JUDE BINDER SAYS "LIFE IS ABOUT NOURISHMENT" - Education: WV Fourth In Nation With Spending, 39th In Achievement


"Art is not a cherry on the top of life" says Heartwood's Jude Binder

By Dianne Weaver

"That which is in children is what education should inspire," said Jude Binder, the artistic director and teacher of one of West Virginia's leading centers for the arts, located in Calhoun County.

Binder spoke to the Challenge WV conference held in Charleston last week. Challenge is an advocacy group for community-based schools.

Binder made a compelling presentation, saying "How can we rob children of their uniqueness?" expressing concern that children are no longer being nourished in school systems that teach to the test.

Life is about nourishment. "You are nourished when you are part of a community," she said.

Marty Strange, the Policy Director of the Rural Schools and Community Trust, said "We need to stop weighing the pig and feed it," referring to teaching to the test.

Strange said "I'm a shameless advocate for rural communities, expressing fear that schools could become "treadmills of despair."

He said Challenge WV is recognized nationwide for changing the political climate and stripping the veneer.

Challenge's Linda Martin (right) welcomes WVs new first lady
Gayle Manchin (left) at small schools conference

Challenge coordinator Linda Martin said the group will be pushing for a "No cost busing bill," which will not only end long bus rides but essentially end a long history of school consolidation in West Virginia.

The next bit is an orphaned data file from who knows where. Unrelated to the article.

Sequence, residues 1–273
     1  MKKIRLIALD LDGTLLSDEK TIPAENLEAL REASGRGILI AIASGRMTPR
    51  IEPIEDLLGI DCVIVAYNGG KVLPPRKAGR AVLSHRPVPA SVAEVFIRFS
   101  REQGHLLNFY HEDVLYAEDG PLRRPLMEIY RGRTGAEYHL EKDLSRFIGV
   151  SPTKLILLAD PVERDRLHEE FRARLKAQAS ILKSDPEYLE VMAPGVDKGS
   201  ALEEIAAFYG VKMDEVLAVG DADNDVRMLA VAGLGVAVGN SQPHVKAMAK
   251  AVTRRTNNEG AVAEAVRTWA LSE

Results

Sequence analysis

Dr. Larry Parsons, who was given one of two awards at the conference, said the time has come that "We meet the needs of children and not the wants of adults."

Also recognized was Lincoln County school board president Carol Smith, who gave a "strong and steady voice for small schools."

Dr. Laura Jimerson of Vermont said there are critical problems with No Child Left Behind. "A staggering 53 of WVs 55 counties failed to meet the program's progress, she said.

West Virginia has closed 325 community schools with plans to close another 151. Most are elementary schools.

"Rural communities matter and should not be left behind," said Strange. "Do children have a right to have a good education close to their home?"

Strange said the results are in, students in community based schools do better.

He was critical of West Virginia's educational administrators, saying the state is the fourth in the nation in spending and 39th in achievement.